Validation of urinary sphingolipid metabolites as biomarker of effect for fumonisins exposure in Kenyan children.
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Fumonisins (FNs), a group of mycotoxins produced mainly by Fusarium species, are ubiquitous food contaminants, especially for maize. Fumonisin B1 (FB1) caused severe toxicities in farm animals, induced kidney and liver tumours in rodents and is associated with many human adverse health effects, including oesophageal cancer. International Agency for Research on Cancer (IARC) categorizes FB1 as a possible human carcinogen (Group 2B). Inhibition of ceramide synthesis and disruption of sphingolipids metabolism are well studied as the major mechanisms of FB1-induced toxicity. Increases in sphinganine (Sa) and decrease in sphingosine (So) levels and their ratio are validated biomarkers of FB1 effects. Methods: In this study, we measured urinary levels of Sa, So and Sa/So in 284 children aged 1-14 years who consume maize as a staple diet. Exfoliated cells from urine were processed and sphingolipids quantified by High Pressure Liquid Chromatography. Results and conclusions: Sa and So were detectable in 95.07% and 98.94% of samples, respectively. Creatinine adjusted mean levels and standard deviation of Sa, So and Sa/So ratio were 1.23 ± 2.18, 4.99 ± 8.3 and 0.296 ± 0.587 nM. These results further confirmed the findings in studies with human adults, i.e. urinary Sa, So levels and Sa/So ratio are good biomarkers to assess FNs exposure in children.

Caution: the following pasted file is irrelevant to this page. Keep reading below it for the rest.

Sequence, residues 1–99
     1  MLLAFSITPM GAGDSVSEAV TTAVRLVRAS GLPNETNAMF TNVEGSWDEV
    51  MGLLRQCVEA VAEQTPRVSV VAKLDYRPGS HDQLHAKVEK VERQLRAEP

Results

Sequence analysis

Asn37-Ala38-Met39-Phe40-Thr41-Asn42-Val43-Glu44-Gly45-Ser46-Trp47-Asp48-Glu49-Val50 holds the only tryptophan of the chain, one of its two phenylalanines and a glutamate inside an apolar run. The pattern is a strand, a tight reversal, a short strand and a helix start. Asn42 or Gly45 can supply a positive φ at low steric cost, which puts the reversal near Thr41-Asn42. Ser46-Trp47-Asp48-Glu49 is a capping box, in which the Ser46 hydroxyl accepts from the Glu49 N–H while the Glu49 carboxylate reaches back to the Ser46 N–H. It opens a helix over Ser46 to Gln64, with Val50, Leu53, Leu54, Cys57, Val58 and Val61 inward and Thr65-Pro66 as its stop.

CitationBiomarkers. 2019 Jun;24(4):379-388.
Francis & Taylor